Kidnapped Chinese workers in South Sudan freed
A group of Chinese workers kidnapped by rebels in South Sudan 11 days ago have been freed and flown to Kenya, the foreign ministry said on Tuesday.
“The Sudanese authorities allowed a Red Cross plane to take them from Kauda to Nairobi ... this Tuesday morning where they were given to the Chinese embassy there,” the statement said.
The statement did not give the number of Chinese freed.
The Kauda area in the Nuba Mountains of South Kordofan state has been the scene of fighting since June between government troops and rebels formerly aligned with the rulers of now independent South Sudan.
Sudan People’s Liberation Movement-North (SPLM-N) spokesperson Arnu Ngutulu Lodi said he would comment later on Tuesday, but the release comes a day after he said he expected the 29 Chinese workers to be released “very soon”.
Lodi said on Monday the rebels were in communication with the Chinese government, although not through a six-member mission sent by Beijing to Khartoum to help secure a release.
The captives, who were involved in a road-building project in South Kordofan, had been held since January 28 when the SPLM-N destroyed a Sudanese military convoy between Rashad town and al-Abbasiya and took over the area, the rebels said.
A spokesperson for the Geneva-based International Committee of the Red Cross (ICRC) declined to comment except to say: “We are not involved in negotiations” over the Chinese.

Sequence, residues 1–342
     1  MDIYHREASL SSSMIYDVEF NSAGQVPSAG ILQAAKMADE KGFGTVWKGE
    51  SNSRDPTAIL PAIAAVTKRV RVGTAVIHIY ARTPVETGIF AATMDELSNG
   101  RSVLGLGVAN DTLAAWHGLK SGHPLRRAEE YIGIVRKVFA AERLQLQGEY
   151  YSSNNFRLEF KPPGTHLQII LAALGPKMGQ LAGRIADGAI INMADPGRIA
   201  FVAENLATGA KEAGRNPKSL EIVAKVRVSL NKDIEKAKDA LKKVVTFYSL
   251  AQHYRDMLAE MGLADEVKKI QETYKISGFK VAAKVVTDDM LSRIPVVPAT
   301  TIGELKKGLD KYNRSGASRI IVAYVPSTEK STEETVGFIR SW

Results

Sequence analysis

The SPLM-N maintained that all 29 Chinese were safe during their captivity.
According to China’s official Xinhua news agency, the workers were taken after a rebel attack on their camp.
It reported on Monday that Beijing had been informed by Sudanese authorities that the body of one Chinese, who went missing in the attack, had been found. That person was apparently not among the 29 captured.
Sudanese official media carried similar reports citing the South Kordofan state government.
Chinese embassy officials in Khartoum could not be reached on Tuesday.
Last week, SPLM-N chairperson Malik Agar met a Chinese diplomat and asked Beijing to use its influence with Khartoum to help badly needed aid to reach the war zone, Lodi said.
Agar held the talks in Addis Ababa with the Chinese ambassador to Ethiopia.
China is Sudan’s major trading partner, the largest buyer of Sudanese oil and a key military supplier to the Khartoum regime.
Sudan has severely restricted the work of foreign relief agencies in South Kordofan and nearby Blue Nile state, where a similar war began in September.
About 30 000 people fled when the rebels took control of villages in the al-Abbasiya area on January 28, the United Nations said.
The UN has backed statements by the United States that there could be a famine unless urgent aid is allowed to enter South Kordofan and Blue Nile.—AFP.